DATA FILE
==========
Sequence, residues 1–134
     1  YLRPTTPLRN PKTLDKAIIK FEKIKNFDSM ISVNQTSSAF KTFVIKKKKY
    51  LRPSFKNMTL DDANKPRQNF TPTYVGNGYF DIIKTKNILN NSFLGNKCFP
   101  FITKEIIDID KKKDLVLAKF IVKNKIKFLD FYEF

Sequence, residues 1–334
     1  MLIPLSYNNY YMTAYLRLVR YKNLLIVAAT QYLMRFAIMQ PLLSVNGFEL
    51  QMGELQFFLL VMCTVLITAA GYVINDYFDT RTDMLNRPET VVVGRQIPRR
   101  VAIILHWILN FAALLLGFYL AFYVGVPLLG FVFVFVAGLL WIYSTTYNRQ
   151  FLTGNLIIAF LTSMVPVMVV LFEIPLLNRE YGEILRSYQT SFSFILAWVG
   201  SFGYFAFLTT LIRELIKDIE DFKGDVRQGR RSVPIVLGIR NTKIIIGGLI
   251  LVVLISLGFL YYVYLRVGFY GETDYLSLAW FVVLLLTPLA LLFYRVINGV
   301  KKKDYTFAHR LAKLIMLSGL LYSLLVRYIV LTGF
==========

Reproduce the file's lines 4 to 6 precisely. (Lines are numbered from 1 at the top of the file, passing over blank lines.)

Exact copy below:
   101  FITKEIIDID KKKDLVLAKF IVKNKIKFLD FYEF

Sequence, residues 1–334
     1  MLIPLSYNNY YMTAYLRLVR YKNLLIVAAT QYLMRFAIMQ PLLSVNGFEL